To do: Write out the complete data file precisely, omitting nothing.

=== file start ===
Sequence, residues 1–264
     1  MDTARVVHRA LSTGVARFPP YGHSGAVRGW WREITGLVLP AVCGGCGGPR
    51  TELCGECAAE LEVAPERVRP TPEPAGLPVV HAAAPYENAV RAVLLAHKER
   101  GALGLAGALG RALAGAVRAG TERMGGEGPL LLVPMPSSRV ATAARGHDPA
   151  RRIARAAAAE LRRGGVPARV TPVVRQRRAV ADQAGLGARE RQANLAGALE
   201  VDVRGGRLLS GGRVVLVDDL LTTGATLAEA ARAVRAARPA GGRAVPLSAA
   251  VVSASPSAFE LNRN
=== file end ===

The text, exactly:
Sequence, residues 1–264
     1  MDTARVVHRA LSTGVARFPP YGHSGAVRGW WREITGLVLP AVCGGCGGPR
    51  TELCGECAAE LEVAPERVRP TPEPAGLPVV HAAAPYENAV RAVLLAHKER
   101  GALGLAGALG RALAGAVRAG TERMGGEGPL LLVPMPSSRV ATAARGHDPA
   151  RRIARAAAAE LRRGGVPARV TPVVRQRRAV ADQAGLGARE RQANLAGALE
   201  VDVRGGRLLS GGRVVLVDDL LTTGATLAEA ARAVRAARPA GGRAVPLSAA
   251  VVSASPSAFE LNRN